Here’s the basic idea. Create two particles that, due to the nature of their creation, have correlated properties. For instance, perhaps two electrons have exactly opposite spins, or two photons have exactly opposite polarization. Call the particles A and B. Let them jet away from one another toward laboratories X and Y. After some time, do an experiment in laboratory X to determine the property of particle A. This action determines the properties not just of particle A, but of particle B, as well. In other words, you’ve determined the properties of particle B without ever measuring it.

This is not a paradox at all if you assume that the particles had their particular properties from the beginning. It is no more surprising than discovering a brown and black sock in your suitcase and realizing that you must have another brown and black pair back at home. However, traditional quantum theory says this is the wrong view. Traditional quantum mechanics says that until you measure  particle A, it does not have specific properties (spin up, say, or clockwise polarization). According to quantum mechanics, the act of measuring the particle determines its properties.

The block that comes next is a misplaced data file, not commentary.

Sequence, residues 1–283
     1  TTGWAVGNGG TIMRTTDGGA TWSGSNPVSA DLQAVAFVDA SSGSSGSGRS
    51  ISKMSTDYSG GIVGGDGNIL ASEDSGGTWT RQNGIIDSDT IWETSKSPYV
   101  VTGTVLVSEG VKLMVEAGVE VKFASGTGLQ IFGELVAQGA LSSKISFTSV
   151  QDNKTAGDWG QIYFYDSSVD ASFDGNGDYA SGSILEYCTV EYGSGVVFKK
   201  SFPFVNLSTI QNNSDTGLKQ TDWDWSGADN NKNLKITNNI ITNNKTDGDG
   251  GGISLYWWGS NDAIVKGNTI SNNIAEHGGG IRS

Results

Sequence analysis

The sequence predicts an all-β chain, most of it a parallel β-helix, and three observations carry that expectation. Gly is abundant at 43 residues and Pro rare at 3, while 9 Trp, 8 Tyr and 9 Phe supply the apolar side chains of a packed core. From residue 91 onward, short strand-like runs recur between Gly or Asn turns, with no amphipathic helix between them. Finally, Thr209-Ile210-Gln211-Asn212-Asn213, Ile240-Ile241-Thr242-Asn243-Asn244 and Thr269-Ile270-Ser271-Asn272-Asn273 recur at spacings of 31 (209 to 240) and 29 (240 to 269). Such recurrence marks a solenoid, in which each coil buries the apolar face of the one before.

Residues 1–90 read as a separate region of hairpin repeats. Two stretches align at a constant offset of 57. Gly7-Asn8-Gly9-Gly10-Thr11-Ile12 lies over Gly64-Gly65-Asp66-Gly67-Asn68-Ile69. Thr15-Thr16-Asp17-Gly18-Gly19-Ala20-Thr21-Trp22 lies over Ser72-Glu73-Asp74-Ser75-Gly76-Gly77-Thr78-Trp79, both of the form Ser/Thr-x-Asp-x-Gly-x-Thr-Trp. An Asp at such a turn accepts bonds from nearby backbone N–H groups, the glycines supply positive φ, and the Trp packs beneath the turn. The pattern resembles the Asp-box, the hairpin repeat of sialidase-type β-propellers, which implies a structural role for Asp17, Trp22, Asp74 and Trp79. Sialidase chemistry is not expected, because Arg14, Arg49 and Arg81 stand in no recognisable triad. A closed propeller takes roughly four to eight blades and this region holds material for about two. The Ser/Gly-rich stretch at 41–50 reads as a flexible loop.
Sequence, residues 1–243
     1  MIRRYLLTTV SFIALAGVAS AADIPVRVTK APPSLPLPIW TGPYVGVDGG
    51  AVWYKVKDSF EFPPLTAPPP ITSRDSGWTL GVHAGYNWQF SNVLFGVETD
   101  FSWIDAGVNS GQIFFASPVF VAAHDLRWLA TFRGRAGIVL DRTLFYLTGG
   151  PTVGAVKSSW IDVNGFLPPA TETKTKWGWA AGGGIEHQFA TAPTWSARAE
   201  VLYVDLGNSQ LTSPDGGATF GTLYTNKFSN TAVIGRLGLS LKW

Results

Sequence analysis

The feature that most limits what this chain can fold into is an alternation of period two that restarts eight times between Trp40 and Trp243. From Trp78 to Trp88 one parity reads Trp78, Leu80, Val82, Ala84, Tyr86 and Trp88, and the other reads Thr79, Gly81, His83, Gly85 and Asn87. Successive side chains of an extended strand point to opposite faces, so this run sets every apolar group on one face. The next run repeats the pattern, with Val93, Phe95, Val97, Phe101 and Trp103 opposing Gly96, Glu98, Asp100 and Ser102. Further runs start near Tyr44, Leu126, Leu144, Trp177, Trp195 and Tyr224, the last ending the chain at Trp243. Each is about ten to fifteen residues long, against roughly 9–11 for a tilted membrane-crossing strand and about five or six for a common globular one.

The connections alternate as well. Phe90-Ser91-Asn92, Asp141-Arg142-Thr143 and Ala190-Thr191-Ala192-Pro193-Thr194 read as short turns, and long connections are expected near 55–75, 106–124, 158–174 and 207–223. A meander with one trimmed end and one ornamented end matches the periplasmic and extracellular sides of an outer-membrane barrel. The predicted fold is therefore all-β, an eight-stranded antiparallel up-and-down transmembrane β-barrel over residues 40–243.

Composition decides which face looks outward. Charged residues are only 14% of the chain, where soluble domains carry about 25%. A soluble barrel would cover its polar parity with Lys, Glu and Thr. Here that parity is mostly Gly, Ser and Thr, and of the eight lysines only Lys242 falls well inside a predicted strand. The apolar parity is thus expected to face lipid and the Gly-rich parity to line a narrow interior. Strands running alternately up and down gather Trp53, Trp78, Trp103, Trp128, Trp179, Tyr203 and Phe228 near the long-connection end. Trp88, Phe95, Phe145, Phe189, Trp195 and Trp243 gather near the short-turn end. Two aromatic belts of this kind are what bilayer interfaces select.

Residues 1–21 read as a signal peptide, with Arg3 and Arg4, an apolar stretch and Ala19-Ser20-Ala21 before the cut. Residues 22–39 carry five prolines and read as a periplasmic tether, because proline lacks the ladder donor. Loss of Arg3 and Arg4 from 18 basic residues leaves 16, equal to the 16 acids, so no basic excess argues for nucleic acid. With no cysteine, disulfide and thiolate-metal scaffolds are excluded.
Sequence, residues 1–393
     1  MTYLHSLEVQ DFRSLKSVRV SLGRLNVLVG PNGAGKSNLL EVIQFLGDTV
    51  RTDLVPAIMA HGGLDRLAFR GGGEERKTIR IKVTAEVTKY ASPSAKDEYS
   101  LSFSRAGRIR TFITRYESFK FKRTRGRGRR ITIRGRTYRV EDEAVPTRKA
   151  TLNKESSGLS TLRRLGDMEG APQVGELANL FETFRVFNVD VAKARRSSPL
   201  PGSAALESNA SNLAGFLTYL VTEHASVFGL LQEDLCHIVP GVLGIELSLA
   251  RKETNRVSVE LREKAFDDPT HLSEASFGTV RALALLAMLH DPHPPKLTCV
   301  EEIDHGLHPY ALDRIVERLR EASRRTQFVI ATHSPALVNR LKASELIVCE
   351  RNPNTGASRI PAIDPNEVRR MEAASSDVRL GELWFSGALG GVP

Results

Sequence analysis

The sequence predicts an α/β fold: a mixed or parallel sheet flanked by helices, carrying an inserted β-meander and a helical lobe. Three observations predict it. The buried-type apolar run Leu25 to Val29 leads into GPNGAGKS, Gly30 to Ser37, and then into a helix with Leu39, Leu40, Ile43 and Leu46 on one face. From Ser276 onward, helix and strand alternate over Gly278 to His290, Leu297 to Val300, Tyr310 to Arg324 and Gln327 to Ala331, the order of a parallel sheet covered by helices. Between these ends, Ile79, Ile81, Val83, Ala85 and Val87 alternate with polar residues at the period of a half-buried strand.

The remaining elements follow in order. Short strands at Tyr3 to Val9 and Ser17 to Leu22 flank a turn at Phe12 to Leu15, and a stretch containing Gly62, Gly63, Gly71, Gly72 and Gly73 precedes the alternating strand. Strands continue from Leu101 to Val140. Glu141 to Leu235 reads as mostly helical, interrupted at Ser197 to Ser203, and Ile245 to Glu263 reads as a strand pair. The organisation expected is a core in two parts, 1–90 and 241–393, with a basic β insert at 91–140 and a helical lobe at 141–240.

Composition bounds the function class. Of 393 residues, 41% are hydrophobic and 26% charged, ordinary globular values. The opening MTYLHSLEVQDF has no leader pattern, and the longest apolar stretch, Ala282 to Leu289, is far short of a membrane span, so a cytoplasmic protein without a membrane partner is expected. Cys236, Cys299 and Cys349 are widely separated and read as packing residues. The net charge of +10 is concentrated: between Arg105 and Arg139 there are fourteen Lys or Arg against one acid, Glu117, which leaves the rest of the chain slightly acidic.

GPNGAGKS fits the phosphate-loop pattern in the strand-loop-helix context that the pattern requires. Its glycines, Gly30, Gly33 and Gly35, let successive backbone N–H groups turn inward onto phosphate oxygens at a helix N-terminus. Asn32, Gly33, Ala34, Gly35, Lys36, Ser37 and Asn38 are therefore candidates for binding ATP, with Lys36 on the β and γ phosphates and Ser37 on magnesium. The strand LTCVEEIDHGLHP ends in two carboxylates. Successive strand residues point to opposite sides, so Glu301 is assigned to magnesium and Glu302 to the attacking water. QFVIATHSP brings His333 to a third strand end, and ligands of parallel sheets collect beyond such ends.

Hence the paradox. How could measuring particle A in laboratory X instantly affect particle B in laboratory Y, in principle miles or even light-years away? This is called entanglement by most physicists, but Einstein called it “spooky action at a distance” and could not accept that the universe worked this way. Despite the clear mathematics of quantum theory, Einstein believed there must be “hidden variables” that instructed the particles how to behave even before they were measured.

Unfortunately, there seemed to be no way of choosing between the quantum view and Einstein’s hidden variable view. So it might have remained, but for a brilliant insight by Irish physicist John Bell. Bell showed that, far from being purely a philosophical problem, the question was amenable to experiment. Bell’s achievement was realizing that if a pair of particles had not just one or two but at least three entangled properties, Einstein’s hidden variables and traditional quantum mechanics made radically different predictions for their behaviors. And conflicting predictions about experiment are the bread and meat of physics.